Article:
On February 13, 2013, I announced on Facebook that my husband David and I were debt free, and we had paid off $51,000 in 3.5 years. We have been debt free, except for a mortgage, for 8 years now. There was no inheritance, no lottery winnings, not even an income above $40,000 per year. There was only steady progress and deliberate decisions.
Forbes places the average net worth of an under-35-year-old at just $14,000. In 2020 in a Federal Reserve Survey, 38% of respondents said they would not be able to afford $400 for an emergency with the money currently in their bank account. The average American is saddled with consumer debt that seriously hinders their risk tolerance, prevents them from leaving bad jobs (or bad bosses!), and promotes a poverty mindset. Living beyond your means is a prison.
Here is our $51,000 breakdown:
- Mechanic school: $27,000
- Credit card debt: $5,000
- Paid cash for two home births: $10,000
- Paid cash for two cars: $9,000
So how do you do it? Get on the same plan! We used Dave Ramsey. He advocates “gazelle intensity”, or taking drastic measures to save money so we could dump it all into debt repayment. We moved in with my parents, drove 10 year old cars, and cooked from scratch. We sold anything that wasn’t essential and took on extra jobs. Subscriptions and memberships got the axe. The budget was king, and the thrift store was my kingdom.
We communicated about everything to make it work. That’s the second step. If you combine finances like we did, each has to know what the other is spending on. We did have small allowances each month, which we could spend freely. Any time one category went over, we worked together to figure out another category to get the money from.
People thought that we were a little crazy. Okay, I was a little crazy. I took this as a challenge to see how low I could go, and yes, there is a line—washing cloth diapers by hand is my line! But it’s hard to adequately describe the benefits of paying off debt. Our money goes much further because the only thing we pay interest on is a mortgage. We were able to avoid government assistance except for children’s health insurance, and we avoided the dependence mindset. Part of the Dave Ramsey plan includes building an emergency fund, and having that security means we have the freedom to leave a horrible job if needed. We have the confidence, after paying off so much, that we can handle almost any financial challenge thrown our way.
Since then, we no longer follow Dave Ramsey to the letter. Buying a home with no credit was difficult, so I highly recommend that, if you have even an ounce of discipline, you keep one credit card, use it only for regular expenses, and pay it off in full each month. That will not incur debt, but it will keep your credit high, making any big purchase like a home or car much easier. I started with a secured credit card, and I have moved up to cards with rewards. I haven’t paid them a cent in interest. We also don’t keep a budget anymore, but the frugal habits that we developed have persisted. It’s like weighing your food when you start a diet—after a while, you can just see what the right portion is, and you no longer need to weigh.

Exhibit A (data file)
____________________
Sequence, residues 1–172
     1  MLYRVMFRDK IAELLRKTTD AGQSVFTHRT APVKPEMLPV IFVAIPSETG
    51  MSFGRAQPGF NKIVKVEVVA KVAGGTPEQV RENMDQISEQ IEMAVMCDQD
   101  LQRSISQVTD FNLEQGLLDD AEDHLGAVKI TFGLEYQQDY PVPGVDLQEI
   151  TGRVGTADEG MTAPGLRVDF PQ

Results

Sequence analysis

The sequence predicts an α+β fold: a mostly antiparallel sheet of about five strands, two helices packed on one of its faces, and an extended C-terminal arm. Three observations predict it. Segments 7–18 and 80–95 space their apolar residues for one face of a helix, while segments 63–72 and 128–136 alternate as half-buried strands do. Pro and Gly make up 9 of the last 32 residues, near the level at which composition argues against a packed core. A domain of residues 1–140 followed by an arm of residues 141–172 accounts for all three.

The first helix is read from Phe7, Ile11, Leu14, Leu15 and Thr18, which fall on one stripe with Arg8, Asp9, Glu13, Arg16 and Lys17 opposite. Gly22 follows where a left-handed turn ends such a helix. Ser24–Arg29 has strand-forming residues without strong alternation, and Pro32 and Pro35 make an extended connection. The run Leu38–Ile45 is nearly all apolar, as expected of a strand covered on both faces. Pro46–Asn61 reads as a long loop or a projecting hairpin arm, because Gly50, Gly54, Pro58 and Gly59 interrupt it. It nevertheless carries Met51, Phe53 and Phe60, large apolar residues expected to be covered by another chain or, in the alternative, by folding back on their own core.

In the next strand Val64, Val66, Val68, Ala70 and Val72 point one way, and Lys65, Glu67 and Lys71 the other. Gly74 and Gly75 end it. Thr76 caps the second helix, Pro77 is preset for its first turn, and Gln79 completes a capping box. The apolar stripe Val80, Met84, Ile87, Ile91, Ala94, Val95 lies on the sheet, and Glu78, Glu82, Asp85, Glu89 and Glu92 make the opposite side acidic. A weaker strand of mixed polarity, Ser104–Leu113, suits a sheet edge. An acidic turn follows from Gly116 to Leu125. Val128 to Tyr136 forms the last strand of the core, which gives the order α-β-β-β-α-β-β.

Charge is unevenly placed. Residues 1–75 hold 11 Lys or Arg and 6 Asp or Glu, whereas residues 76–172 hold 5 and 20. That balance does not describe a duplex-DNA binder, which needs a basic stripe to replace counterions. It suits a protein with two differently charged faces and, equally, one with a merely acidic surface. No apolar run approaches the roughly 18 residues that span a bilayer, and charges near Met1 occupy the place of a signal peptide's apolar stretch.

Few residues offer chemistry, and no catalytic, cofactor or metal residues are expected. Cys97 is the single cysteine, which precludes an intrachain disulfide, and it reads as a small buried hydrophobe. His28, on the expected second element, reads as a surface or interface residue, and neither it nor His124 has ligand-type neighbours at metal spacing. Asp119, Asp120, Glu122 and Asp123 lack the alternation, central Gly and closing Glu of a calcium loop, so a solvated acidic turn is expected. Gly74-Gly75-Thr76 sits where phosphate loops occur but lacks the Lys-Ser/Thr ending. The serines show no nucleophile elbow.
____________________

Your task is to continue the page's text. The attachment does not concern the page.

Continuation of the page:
Some things have stayed the same. I have never financed a car, and I have no intention of ever doing so. We recently bought David a new car, and the salesman was salivating at our high credit scores, so it was almost sad to dash his dreams by paying cash. Not paying interest more than made up for it. I scrounged and rode the bus and train two hours each way in my early 20s to save $3000 for my first car. By paying myself a car payment and driving each car as long as possible, I have been able to pay cash for each car we have.
Dave’s plan is all about being very intentional and intense about money, watching it like a hawk. I like to take a lazy approach now; it reduces decision fatigue. I have automated as many bills as I can, as well as automatically sending money to savings and investments. My investing style is “set it and forget it”; as long as I choose a market-matching index fund and keep adding to it year after year, I will be recession-proof.
Being debt free is just part of living within our means. We qualified for a much larger mortgage than we chose to take on, and because our mortgage was low, we did not lose our house when David lost his job and then had to take a job with much lower pay. I knew from challenging myself earlier how to cook from scratch and make do. We still live comfortably because we have already practiced this lifestyle. What would you do if your car was totaled? Can you pay your insurance deductible if you have a hospital stay? Not having an emergency fund big enough to cover these expenses is an emergency! Even very low income families can start saving. I’m not talking about the “skip a latte a day” garbage—I don’t even buy Starbucks at all. Everyone can do something, and by starting even at just $5 a paycheck, it creates a placeholder that you can increase as your frugal kung fu becomes stronger. Becoming debt free takes intention and consistency, but the benefits far outweigh the sacrifices.
Financial Peace University, Dave Ramsey
America’s Cheapest Family Gets You Right on the Money, Steve and Annette Economides
I Will Teach You To Be Rich, Ramit Sethi
Aubrey True is a mother of five kids under 11, including 4 year old twins. She has lived in Azle and Weatherford for most of her life. Her interests include coffee, reading, minimalism, and cognitive behavioral therapy.